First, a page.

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I Phone and I Pod Touch technology for Colleges and Universities is possible.

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Published: August 20, 2008
Taking a step that professors may view as a bit counterproductive, some universities are doling out Apple iPhones and Internet-capable iPods to students.

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Jud Davis/Freed-Hardeman University
Freed-Hardeman University in Tennessee is providing incoming students with a free Apple iPhone or iPod Touch.

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Jud Davis/Freed-Hardeman University
Students at Freed-Hardeman activate their iPhones. Experts say uses for mobile technology in education are in their infancy.
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"Are we training thinkers in our colleges or are we training gadget users?"
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The always-on Internet devices raise some novel possibilities, like tracking where students congregate. With far less controversy, colleges could send messages about canceled classes, delayed buses, campus crises or just the cafeteria menu.

While schools emphasize its usefulness — online research in class and instant polling of students, for example — a big part of the attraction is, undoubtedly, that the iPhone is cool and a hit with students. Basking in the aura of a cutting-edge product could just help a university foster a cutting-edge reputation.

Apple stands to win as well, hooking more young consumers with decades of technology purchases ahead of them. The lone losers, some fear, could be professors.

Students already have laptops and cellphones, of course, but the newest devices can take class distractions to a new level. They practically beg a user to ignore the long-suffering professor struggling to pass on accumulated wisdom from the front of the room — a prospect that teachers find galling and students view as, well, inevitable.

“When it gets a little boring, I might pull it out,” acknowledged Naomi J. Pugh, a first-year student at Freed-Hardeman University in Henderson, Tenn., referring to her new iPod Touch, which can connect to the Internet over a campus wireless network. She speculated that professors might try harder to make classes interesting if they were competing with the devices.

Experts see a movement toward the use of mobile technology in education, though they say it is in its infancy as professors try to concoct useful applications. Providing powerful hand-held devices is sure to fuel debates over the role of technology in higher education.

“We think this is the way the future is going to work,” said Kyle Dickson, co-director of research and the mobile learning initiative at Abilene Christian University in Texas, which has bought more than 600 iPhones and 300 iPods for students entering this fall.

Although plenty of students take their laptops to class, they don’t take them everywhere and would prefer something lighter. Abilene Christian settled on the devices after surveying students and finding that they did not like hauling around laptops, but that most always carried a cellular phone, Dr. Dickson said.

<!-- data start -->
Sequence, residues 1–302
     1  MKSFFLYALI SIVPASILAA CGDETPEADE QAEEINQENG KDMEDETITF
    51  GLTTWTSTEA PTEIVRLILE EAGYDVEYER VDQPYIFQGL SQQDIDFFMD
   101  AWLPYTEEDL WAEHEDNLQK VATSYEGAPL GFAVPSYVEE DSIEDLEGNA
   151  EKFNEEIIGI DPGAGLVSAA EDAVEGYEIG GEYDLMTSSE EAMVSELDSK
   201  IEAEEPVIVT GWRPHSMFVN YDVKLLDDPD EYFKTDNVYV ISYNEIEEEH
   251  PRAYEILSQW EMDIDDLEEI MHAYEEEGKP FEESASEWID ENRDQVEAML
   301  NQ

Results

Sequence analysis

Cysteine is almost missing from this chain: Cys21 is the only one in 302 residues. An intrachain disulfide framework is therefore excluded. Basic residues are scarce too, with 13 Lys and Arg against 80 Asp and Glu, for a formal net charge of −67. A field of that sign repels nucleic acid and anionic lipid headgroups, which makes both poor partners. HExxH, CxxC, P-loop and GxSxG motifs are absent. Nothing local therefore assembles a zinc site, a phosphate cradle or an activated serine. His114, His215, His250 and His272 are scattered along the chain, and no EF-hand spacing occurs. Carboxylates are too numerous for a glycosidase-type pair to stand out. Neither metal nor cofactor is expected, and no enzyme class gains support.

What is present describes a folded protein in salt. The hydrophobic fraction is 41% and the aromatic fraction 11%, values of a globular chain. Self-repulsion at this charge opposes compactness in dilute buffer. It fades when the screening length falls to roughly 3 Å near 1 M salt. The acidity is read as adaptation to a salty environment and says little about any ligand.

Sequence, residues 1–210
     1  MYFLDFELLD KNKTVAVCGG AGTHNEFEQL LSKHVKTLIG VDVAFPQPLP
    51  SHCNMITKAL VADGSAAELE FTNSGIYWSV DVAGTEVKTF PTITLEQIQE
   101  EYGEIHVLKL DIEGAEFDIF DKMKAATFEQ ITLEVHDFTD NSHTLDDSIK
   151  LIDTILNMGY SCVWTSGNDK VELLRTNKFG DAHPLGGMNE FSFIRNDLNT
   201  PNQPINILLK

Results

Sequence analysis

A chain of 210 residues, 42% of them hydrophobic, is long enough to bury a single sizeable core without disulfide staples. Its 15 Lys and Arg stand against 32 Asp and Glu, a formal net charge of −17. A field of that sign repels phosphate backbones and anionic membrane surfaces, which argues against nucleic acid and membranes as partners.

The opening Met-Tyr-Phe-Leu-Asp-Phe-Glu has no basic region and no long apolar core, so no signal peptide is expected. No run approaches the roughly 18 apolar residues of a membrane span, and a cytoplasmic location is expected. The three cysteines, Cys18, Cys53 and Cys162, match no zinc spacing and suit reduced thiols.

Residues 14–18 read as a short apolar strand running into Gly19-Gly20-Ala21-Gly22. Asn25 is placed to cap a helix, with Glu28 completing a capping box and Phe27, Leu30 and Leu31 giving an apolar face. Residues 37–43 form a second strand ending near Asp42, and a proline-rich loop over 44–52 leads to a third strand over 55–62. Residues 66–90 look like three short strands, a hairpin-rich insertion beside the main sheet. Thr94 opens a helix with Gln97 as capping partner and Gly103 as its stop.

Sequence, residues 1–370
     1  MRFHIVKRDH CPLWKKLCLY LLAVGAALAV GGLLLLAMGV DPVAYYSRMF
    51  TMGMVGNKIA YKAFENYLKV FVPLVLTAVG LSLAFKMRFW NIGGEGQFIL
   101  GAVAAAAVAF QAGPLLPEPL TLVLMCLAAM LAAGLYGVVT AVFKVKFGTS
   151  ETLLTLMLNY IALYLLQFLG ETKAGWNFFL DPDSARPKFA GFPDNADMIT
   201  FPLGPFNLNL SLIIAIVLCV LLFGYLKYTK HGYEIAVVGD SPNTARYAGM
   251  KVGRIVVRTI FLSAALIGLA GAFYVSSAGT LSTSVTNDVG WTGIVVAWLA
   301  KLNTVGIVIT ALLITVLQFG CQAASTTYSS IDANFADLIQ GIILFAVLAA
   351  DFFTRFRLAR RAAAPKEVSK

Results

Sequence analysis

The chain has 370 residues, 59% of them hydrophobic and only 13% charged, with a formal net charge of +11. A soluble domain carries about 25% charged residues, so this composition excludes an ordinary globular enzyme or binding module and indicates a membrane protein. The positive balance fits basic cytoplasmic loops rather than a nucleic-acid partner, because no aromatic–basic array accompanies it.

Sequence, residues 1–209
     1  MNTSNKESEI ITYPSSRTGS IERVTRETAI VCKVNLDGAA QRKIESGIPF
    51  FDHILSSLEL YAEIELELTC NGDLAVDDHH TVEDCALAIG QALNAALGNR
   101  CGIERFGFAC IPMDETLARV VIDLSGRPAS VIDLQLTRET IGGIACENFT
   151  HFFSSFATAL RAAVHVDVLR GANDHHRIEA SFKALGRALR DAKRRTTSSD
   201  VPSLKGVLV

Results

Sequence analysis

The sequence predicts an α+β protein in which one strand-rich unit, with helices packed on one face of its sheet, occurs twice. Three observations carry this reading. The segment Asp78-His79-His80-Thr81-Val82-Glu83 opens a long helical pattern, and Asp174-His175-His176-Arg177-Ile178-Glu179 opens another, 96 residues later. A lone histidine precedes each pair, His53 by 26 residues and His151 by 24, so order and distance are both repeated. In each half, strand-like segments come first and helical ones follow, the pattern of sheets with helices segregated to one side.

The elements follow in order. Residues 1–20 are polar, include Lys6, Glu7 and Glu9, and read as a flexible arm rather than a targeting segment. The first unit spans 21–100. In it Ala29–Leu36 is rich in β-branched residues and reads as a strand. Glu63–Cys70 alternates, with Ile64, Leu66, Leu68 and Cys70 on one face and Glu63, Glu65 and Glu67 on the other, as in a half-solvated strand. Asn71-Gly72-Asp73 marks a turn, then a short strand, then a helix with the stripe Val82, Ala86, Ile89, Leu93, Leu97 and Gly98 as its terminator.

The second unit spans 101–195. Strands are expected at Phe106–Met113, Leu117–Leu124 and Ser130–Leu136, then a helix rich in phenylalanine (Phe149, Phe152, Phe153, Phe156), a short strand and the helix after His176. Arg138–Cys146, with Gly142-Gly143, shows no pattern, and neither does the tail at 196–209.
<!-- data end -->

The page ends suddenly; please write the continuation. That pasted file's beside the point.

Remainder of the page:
It is not clear how many colleges plan to give out iPhones and iPods this fall; officials at Apple were coy about the subject and said they would not leak any institution’s plans.

“We can’t announce other people’s news,” said Greg Joswiak, vice president of iPod and iPhone marketing at Apple. He also said that he could not discuss discounts to universities for bulk purchases.

At least four institutions — the University of Maryland, Oklahoma Christian University, Abilene Christian and Freed-Hardeman — have announced that they will give the devices to some or all of their students this fall.

Other universities are exploring their options. Stanford University has hired a student-run company to design applications like a campus map and directory for the iPhone. It is considering whether to issue iPhones but not sure it’s necessary, noting that more than 700 iPhones were registered on the university’s network last year.

At the Massachusetts Institute of Technology, iPhones might already have been everywhere, if AT&T, the wireless carrier offering the iPhone in the United States, had a more reliable network, said Andrew J. Yu, mobile devices platform project manager at M.I.T.

“We would have probably gone ahead of this, maybe just getting a thousand iPhones and giving them out,” Mr. Yu said.

The University of Maryland, College Park is proceeding cautiously, giving the iPhone or iPod Touch to 150 students, said Jeffrey C. Huskamp, vice president and chief information officer at the university. “We don’t think we have all the answers,” Mr. Huskamp said. By observing how students use the gadgets, he said, “We’re trying to get answers from students.”

At each college, the students who choose to get an iPhone must pay for mobile phone service. Those service contracts include unlimited data use. Both the iPhones and the iPod Touch devices can connect to the Internet through campus wireless networks. With the iPhone, those networks may provide faster connections and longer battery life than AT&T’s data network. Many cellphones allow users to surf the Web, but only some newer ones have Wi-Fi capability.

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